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After decades of human rights abuses, Myanmar's generals have recently freed political prisoners, reduced censorship and held limited elections — prompting countries to lift sanctions. But a year-long GlobalPost investigation has found that protests, violence and cronyism are testing Myanmar's reforms — and tarnishing the reputation of Nobel Laureate Aung San Suu Kyi.

Kachin heroin user opium warfare
A young ethnic Kachin addict shoots heroin into his arm. Many Kachin leaders accuse the government of "ethnic cleansing" via drugs. "In the lower part of Myanmar, they don’t let drugs circulate. If they did, their generations would also be lost — just like ours." (Jonah M. Kessel/GlobalPost)

Opium war

In mountainous Kachin, the government stands accused of 'genocide' by heroin.

MYITKYINA, Myanmar — It was nearly 10 a.m. in Myitkyina, Myanmar’s northernmost provincial capital. On the rutted streets below, church hymns competed with the clamor of roosters and motorbikes. The singing beckoned townsfolk dressed in their finest Sunday sarongs to join a Baptist service.

But in the attic of a house overlooking the chapel, two addicts had found their own sanctuary.

Their heroin was already half gone.

Naw Mai and Lah San had scored a $55 canister around dawn and shot up much of it before breakfast. Ugly constellations of needle wounds dotted their forearms, which they concealed under long sleeves.

Their discretion was futile. Everything about them screamed addiction. The scratching. Ropey limbs. Eyes shellacked with yellow film.

The attic — a hideaway in the home of relatives attending church — was barren except for a few plastic mats and a stack of VHS tapes. Though curtains were drawn, sunbeams shone through the gauzy fabric. Clapboard walls muffled the voice of the nearby pastor, who sermonized into a cheap amplifier.

Naw Mai, 30, stripped to the waist and used his shirt as a tourniquet. A tattoo ran the length of his back: a crudely inked Jesus Christ cradling a lamb.

He fished out the heroin — a flaky white powder flecked with pastel orange, a sign of shoddy chemical refinement. He mixed it with saline, drew it into a syringe’s plunger and held the needle aloft for inspection. The substance glowed tangerine in the light.

“I’ve been hooked since I was 15,” said Lah San, now in his late 20s. “For my generation, if you don’t do drugs, you’re not hip. You see kids hanging in tea shops, trying to look cool by nodding off and dropping their cigarettes.”

The two men injected each other wordlessly. It was pleasureless and procedural. Wind tousled the curtains and, from the chapel beyond, the sound of a female choir singing “hallelujah” drifted in with the chill breeze. The men sucked down cigarettes and hummed along weakly.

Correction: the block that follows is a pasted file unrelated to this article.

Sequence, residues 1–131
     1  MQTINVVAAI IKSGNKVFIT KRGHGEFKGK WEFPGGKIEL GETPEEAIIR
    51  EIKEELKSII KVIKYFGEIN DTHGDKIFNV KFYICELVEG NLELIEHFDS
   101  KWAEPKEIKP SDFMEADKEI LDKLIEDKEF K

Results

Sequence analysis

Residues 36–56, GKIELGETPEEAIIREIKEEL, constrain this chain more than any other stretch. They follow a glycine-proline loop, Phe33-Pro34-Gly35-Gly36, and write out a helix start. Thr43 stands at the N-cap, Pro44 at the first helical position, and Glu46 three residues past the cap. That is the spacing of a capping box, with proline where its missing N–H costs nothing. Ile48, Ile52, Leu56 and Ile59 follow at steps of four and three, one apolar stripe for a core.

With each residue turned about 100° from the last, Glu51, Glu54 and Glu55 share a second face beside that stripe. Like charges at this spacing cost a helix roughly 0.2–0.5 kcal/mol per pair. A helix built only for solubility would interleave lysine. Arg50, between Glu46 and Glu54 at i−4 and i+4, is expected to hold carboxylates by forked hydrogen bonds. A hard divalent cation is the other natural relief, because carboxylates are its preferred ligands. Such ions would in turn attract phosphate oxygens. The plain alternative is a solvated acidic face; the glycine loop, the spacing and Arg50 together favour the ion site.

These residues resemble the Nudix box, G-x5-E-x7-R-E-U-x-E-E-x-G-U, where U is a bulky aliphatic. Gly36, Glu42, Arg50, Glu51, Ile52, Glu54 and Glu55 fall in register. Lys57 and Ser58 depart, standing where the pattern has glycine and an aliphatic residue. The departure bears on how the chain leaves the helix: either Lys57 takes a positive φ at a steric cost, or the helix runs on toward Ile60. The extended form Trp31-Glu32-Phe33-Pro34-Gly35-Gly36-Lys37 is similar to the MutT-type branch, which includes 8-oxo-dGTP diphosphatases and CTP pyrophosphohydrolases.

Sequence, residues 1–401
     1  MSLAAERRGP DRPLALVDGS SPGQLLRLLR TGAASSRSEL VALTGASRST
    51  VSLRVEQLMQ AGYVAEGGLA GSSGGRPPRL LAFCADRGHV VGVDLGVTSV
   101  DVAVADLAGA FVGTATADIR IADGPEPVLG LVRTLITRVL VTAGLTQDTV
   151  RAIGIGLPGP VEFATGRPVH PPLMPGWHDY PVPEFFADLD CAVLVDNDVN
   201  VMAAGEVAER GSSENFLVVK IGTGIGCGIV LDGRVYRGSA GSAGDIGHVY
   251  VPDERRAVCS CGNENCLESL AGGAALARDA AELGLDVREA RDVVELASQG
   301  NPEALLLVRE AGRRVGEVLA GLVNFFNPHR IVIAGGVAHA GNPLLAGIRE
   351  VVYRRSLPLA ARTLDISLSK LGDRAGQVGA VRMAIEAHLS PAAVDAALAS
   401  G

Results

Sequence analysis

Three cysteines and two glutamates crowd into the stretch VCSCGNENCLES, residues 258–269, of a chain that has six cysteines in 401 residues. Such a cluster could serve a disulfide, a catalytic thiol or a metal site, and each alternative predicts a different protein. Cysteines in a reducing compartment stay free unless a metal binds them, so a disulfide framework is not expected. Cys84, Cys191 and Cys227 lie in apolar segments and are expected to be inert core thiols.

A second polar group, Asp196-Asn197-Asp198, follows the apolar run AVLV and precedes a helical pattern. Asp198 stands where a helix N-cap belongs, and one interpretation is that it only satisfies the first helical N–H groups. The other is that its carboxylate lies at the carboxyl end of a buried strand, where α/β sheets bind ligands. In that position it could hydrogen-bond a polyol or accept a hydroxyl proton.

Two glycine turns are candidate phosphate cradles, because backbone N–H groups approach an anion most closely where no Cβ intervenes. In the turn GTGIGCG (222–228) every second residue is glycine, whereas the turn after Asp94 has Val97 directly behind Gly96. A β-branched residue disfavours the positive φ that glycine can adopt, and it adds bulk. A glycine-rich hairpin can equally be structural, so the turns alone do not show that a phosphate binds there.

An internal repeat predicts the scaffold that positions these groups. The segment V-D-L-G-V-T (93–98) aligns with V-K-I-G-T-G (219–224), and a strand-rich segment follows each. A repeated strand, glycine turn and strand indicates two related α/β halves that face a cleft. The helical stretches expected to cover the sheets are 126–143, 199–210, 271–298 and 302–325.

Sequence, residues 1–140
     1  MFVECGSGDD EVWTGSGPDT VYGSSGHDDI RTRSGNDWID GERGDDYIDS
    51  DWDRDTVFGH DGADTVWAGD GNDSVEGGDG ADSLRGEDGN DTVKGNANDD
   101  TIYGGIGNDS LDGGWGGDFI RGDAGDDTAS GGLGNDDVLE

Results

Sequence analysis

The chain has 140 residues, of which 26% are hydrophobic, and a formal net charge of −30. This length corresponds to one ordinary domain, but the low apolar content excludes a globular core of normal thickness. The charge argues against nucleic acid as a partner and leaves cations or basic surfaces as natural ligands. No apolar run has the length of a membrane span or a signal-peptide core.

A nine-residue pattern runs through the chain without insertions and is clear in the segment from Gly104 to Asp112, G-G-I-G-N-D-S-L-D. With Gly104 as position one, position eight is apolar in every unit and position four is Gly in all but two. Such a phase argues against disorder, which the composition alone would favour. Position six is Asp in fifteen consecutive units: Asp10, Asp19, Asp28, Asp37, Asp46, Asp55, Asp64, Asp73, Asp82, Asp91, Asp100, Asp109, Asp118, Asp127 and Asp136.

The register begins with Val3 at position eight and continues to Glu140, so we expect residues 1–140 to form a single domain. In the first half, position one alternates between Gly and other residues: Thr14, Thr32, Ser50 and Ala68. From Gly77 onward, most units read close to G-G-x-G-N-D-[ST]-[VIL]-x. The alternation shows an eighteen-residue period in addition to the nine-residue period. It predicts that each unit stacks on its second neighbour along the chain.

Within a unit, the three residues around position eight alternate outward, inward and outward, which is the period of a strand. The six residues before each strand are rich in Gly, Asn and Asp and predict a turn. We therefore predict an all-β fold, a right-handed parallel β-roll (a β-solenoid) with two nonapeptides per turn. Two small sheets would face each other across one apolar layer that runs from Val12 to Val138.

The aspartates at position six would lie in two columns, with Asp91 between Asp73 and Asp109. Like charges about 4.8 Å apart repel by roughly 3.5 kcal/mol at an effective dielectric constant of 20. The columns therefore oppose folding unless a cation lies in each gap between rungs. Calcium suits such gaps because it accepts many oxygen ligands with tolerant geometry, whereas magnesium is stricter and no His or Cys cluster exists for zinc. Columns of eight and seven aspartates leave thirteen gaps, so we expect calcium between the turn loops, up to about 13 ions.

“I no longer feel euphoria from this stuff,” Naw Mai said. “It’s just a daily routine to stop the sickness. Our bodies beg for it and we can’t say no.”

“Look at me,” Naw Mai said. His bronze complexion was mottled with black boils. “I exist for one purpose: doing drugs. I don’t own my life. Drugs do.”

The addiction that possesses Naw Mai and Lah San (whose names were altered to protect their identities) is appallingly common in Kachin State, a Christianized region in the Himalayan foothills of Myanmar, the nation formerly titled Burma.

The Kachin Baptist Convention, an influential regional network claiming nearly half a million parishioners, has released a statistic that defies belief. According to the group, roughly 80 percent of Kachin youth are drug addicts. By other estimates, more than half of the students at the local university — the region’s bridge to the future — are addicted. The problem is even more pervasive in bleak mining hamlets to the east.

How did this isolated mountain outpost become one of the world’s most heroin-addled places?

Everyone has a theory.

At one extreme are influential reverends, scholars and officers from the Kachin Independence Army (or KIA) — a guerrilla faction that seeks autonomy for the region’s native inhabitants. They allege the government is allowing heroin to proliferate in Kachin as covert chemical warfare.

The central state, so the theory goes, permits heroin to rot their indigenous society and weaken its powers of resistance — just as the British subdued China in the 19th century by hooking its masses on opium. Authorities denounce this theory as extremist. (Myanmar’s anti-narcotics bureau, the Central Committee for Drug Abuse Control, declined GlobalPost’s repeated requests for comment.)

Sources close to the government suggest that there’s no evidence of a shadowy ethnic cleansing plot. The heroin crisis, they say, is instead driven by a toxic mix of police corruption and official apathy toward an armed and rebellion-prone minority group.

The invisible forces behind Kachin State’s drug woes are hotly debated. Its severity, however, is undeniable. As the world turns its gaze to Myanmar, increasingly seen as an ascendent nation shaking off its dark past, this heroin crisis remains largely ignored.

The “cold war”

There are few corners of Asia where heroin is so pure, cheap and readily available as the Kachin frontier.